Aid charity says public now switched on to avoiding future crises
A new poll reveals that nearly three quarters of UK adults worry about how a future pandemic could affect them.
The British Red Cross says findings show the public is growing ever more aware of the great crises of our time as 61% of adults agree that they are concerned climate change will have an impact on their lives.
Published today alongside a new British Red Cross and Demos essay collection – Communities of Humanitarian Thought: The Case for Change in a Time of Crisis – the survey results show that 75% say they are concerned about the global impact of a future health emergency like a pandemic, while 71% are concerned about the impact of a personal health crisis on themselves or their family.
Almost three-quarters of people (73%) are concerned about the impact of access to health and social care throughout the UK as the world opens up again while three quarters (76%) of UK adults agree that the UK needs to address the underlying inequalities that impact the ability of people to cope and recover from a crisis.
Looking at the wider impact of crises often perceived to be more acute in other parts of the world, the survey also found that 61% of UK adults agree that they are concerned climate change will have an impact on their lives.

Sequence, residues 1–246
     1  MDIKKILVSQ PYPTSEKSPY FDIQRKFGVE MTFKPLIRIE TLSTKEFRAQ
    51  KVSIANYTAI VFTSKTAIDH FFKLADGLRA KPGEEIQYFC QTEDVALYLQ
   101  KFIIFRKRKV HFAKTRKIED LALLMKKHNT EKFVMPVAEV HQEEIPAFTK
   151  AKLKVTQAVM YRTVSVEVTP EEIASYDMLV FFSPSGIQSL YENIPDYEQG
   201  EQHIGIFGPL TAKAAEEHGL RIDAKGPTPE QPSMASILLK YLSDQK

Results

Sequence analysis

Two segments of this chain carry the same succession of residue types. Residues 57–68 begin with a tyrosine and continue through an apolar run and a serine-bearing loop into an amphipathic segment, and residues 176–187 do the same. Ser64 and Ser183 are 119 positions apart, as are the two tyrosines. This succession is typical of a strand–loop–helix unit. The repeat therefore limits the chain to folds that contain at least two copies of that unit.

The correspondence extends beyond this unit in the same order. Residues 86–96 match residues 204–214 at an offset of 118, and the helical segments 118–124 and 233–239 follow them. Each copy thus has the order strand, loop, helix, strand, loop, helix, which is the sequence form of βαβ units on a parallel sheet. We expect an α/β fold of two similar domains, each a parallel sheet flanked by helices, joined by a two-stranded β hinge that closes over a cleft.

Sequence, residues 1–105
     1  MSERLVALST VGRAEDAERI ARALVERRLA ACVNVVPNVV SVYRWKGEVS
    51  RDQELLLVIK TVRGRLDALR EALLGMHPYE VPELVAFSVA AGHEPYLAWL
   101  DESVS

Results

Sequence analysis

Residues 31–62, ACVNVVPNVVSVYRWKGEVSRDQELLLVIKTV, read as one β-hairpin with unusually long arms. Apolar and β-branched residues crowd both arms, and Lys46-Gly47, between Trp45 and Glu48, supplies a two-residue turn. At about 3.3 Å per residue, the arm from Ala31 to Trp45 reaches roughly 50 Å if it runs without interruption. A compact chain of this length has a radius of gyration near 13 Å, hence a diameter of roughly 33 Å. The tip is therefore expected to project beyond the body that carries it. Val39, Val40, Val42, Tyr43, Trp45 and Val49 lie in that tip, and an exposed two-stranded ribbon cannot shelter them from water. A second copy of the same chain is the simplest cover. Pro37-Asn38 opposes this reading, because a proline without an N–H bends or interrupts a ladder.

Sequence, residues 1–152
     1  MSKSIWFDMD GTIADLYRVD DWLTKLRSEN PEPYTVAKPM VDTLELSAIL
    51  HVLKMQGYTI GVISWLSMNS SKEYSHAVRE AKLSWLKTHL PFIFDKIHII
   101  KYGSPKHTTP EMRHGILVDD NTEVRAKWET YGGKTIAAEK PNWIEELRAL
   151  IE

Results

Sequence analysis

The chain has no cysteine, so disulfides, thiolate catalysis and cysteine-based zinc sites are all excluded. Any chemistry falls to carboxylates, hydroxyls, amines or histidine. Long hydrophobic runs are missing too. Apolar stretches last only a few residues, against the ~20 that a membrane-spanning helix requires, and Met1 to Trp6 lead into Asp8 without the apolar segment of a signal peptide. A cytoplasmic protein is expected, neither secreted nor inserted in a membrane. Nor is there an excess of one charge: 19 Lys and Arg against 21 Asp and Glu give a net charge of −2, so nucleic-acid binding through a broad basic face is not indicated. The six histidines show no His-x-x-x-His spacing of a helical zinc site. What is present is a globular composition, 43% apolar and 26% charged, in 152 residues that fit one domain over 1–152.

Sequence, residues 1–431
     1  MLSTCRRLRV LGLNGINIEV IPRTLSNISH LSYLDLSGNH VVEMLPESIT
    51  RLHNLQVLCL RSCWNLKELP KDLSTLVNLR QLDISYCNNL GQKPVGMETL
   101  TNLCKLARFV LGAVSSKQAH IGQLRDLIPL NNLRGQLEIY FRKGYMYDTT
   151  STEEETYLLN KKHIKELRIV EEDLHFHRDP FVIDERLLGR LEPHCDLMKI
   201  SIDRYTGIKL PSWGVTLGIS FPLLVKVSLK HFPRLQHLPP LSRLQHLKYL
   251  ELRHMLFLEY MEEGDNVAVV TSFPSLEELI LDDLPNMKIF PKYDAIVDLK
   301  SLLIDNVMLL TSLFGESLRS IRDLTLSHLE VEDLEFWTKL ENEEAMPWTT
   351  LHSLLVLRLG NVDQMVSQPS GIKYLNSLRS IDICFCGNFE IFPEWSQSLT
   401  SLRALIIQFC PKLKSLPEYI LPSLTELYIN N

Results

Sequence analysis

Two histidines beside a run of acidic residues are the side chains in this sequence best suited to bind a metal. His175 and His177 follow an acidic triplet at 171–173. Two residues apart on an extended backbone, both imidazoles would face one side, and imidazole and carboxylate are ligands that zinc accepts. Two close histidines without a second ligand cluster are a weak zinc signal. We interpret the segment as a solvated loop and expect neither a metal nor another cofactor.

Mike Adamson, chief executive at British Red Cross, said: “The pandemic has opened the eyes of many to how a major crisis can develop. We are all now more aware – concerned, even - of what may lie ahead.
“People are worried about big picture challenges, including the prospect of another global health emergency and climate change, and the direct impact those events could have on their lives.
“Our research also shows that a large majority of the British public want the underlying inequalities laid bare by Covid to be addressed.
“As we look towards recovery, we are faced with a unique opportunity to learn and build towards a more resilient future, ensuring no one is left behind. Everyone must play an active role – from politicians and policymakers to those supporting communities and working in civil society.”
The aid charity has published these findings as it launches a collection of essays from leading thinkers across different sectors, outlining a vision for the future.
Communities of Humanitarian Thought: The Case for Change in a Time of Crisis invites diverse contributors from across the political spectrum, to describe what they see as the challenges – and, crucially, opportunities for policy change – across three urgent humanitarian issues: disasters and emergencies, health inequalities, and displacement and migration.
Contributors to the collection include Patricia Hewitt, Nimco Ali, Iain Duncan Smith and Nisreen Elsaim. Their essays cover topics from supporting refugees, investing in young people’s mental health and tackling loneliness, to global climate action, ending modern slavery, and defining Britain’s place on the world stage.
It also features the voices of Red Cross staff and volunteers, discussing their own relationships with the charity’s work, and concludes with recommendations from the charity advocating for change.
It is calling for UK and devolved government, local authorities, the NHS, health and care providers, charities, community organisations and others to come together to ensure people’s needs are placed at the heart of any future decisions around crisis response and that those most vulnerable to the impact of crisis are given a greater say in how those responses take shape.